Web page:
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Date
20 Feb 2010
Tags
Vancouver 2010 , IOC News , Freestyle Skiing

A first for ski cross in Vancouver

This Sunday for the first time ever, spectators will be able to watch ski cross in the Olympic Games. The men’s and women’s events, which form part of the discipline of freestyle, will celebrate their Olympic premiere on 21 and 23 February respectively at Cypress Mountain. Ski cross will feature four athletes racing a spectacular course, which includes turns, banks and jumps. Structures on the course resemble those found in snowboard cross events. Physical endurance and strength play a key role as athletes ski four to five runs lasting 60 seconds or longer.


Rip it up

Ski crosser Ophélie David from France, a six-time ski cross World Cup champion, explains: “Ski cross is like motocross, so you have to have a really fast start and ski aggressively all the way. Last year we raced on the Olympic course at Cypress Mountain. While it’s a great venue with superb views, the course itself is very up and down with a lot of jumps. You just get out there and rip it up. This is a great chance to showcase our sport to the world.”

Jamaica in the starting gate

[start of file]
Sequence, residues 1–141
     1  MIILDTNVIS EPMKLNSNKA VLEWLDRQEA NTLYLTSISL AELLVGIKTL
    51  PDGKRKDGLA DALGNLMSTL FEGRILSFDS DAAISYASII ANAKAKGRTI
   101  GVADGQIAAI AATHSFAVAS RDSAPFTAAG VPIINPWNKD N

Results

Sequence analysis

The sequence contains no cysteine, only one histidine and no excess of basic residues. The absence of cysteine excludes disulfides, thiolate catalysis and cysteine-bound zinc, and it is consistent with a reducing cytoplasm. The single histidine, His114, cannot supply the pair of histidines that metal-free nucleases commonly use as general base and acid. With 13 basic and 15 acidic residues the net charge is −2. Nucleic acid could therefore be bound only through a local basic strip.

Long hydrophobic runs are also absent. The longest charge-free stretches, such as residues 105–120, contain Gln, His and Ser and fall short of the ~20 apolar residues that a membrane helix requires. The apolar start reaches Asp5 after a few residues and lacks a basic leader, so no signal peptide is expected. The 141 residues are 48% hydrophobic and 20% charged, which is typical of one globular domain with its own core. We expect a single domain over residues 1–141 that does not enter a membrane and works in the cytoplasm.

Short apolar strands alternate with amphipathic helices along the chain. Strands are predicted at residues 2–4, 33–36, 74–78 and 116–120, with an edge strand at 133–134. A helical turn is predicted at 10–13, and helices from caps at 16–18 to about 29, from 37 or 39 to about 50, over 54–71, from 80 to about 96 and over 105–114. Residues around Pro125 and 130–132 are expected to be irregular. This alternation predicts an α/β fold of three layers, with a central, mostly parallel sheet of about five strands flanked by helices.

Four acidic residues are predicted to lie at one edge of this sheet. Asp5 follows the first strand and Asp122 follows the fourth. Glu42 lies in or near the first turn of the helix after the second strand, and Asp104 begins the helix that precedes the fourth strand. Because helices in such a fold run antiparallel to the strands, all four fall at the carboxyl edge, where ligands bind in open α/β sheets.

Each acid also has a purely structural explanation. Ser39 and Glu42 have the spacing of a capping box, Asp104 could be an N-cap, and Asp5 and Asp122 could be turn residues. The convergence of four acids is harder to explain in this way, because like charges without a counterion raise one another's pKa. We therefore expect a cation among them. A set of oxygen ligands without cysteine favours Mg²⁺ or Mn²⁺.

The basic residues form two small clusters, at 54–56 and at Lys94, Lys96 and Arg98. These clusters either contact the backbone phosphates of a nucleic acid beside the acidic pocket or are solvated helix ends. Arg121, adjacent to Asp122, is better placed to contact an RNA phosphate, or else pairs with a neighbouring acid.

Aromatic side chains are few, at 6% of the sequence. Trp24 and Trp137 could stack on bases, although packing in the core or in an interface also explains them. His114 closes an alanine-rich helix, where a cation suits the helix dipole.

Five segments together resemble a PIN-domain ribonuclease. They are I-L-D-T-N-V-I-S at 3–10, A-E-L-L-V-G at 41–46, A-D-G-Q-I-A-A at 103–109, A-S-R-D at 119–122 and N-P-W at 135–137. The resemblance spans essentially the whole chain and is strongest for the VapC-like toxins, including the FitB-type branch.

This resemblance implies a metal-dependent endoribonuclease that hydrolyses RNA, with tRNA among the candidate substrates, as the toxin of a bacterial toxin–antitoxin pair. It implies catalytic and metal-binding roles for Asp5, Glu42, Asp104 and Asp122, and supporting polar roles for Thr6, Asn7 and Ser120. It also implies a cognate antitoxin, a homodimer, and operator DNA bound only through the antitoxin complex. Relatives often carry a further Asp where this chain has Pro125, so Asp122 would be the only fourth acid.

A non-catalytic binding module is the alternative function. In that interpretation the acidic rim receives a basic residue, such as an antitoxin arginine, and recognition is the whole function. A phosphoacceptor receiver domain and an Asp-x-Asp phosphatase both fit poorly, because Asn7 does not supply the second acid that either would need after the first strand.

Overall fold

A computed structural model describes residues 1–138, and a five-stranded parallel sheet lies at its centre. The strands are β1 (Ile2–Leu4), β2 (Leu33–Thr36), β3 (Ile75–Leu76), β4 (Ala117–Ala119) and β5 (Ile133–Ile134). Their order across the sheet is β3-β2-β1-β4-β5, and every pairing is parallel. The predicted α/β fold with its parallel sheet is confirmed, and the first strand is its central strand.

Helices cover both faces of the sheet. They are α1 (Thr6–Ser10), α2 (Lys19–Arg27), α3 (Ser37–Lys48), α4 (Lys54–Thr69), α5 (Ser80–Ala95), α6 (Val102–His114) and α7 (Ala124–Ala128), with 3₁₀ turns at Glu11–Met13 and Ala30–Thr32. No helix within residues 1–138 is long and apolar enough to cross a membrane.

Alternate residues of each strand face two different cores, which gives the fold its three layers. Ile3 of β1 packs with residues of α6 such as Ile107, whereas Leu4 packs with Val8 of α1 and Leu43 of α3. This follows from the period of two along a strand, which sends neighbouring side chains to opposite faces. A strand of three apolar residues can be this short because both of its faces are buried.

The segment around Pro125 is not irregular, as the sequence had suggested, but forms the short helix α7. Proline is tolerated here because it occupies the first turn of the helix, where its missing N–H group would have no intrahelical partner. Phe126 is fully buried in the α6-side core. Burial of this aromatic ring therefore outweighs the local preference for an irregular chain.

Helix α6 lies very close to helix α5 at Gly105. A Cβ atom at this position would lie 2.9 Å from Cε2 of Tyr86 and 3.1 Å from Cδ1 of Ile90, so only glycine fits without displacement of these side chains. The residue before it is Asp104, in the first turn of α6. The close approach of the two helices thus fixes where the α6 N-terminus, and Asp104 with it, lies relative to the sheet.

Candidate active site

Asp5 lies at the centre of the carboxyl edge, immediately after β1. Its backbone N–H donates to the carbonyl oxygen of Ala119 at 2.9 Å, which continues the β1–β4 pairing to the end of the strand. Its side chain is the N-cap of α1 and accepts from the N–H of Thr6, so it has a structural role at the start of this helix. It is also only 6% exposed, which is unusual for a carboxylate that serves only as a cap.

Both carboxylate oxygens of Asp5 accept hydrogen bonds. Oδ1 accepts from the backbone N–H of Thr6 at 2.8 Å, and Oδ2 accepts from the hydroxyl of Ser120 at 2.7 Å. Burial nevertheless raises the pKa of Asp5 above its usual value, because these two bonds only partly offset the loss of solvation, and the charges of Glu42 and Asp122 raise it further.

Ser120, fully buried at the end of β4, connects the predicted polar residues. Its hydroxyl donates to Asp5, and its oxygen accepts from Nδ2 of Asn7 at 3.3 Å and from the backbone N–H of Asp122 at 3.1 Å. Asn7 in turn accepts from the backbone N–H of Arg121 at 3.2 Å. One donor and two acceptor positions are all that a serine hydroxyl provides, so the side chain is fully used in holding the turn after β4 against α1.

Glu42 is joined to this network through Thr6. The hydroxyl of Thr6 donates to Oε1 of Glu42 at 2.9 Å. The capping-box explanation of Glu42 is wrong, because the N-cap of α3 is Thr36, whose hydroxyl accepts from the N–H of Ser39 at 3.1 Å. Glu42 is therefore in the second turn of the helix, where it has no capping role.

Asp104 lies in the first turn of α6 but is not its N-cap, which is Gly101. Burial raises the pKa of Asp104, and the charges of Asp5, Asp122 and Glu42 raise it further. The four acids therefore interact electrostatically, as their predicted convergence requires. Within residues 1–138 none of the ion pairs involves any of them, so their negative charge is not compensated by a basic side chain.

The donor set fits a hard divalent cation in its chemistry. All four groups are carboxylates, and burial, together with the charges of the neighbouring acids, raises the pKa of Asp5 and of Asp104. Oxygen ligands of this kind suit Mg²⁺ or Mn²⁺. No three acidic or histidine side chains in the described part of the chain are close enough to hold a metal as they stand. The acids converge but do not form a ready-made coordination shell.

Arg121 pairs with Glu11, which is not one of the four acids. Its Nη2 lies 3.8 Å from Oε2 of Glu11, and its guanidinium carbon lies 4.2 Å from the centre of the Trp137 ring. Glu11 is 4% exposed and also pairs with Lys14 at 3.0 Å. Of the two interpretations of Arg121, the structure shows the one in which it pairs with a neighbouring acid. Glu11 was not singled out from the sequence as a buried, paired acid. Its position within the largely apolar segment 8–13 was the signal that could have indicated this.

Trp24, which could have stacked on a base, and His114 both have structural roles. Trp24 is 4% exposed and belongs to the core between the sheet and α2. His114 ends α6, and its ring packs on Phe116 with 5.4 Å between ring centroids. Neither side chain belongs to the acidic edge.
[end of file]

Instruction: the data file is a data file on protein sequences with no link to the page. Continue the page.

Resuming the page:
Although new to the Olympic programme, ski cross has existed since the early days of Alpine skiing competitions and, unsurprisingly, the majority of competitors have an Alpine skiing background. This is also true for Errol Kerr, a Jamaican ski crosser and Olympic Solidarity athlete. Yes, you have heard right: born to an American mother and a Jamaican father, Kerr grew up as a dual citizen between Lake Tahoe in California and Westmoreland in Jamaica. Jamaica’s latest winter star is hoping to put his country on the map in the new Olympic event. “It’s more than just a country,” Kerr said. “It’s in my blood, in my DNA.”

From qualification into the finals

A timed qualification run is used to seed skiers into different heats, of four skiers each. The start, as well as the first sections before the first turn, are critical parts of the course, as passing can easily occur here. While other passing areas are designated on the course, interference with other skiers can lead to an athlete’s disqualification. The top half of the finishing field then moves on to the next round in a series of quarter, semi and final rounds.

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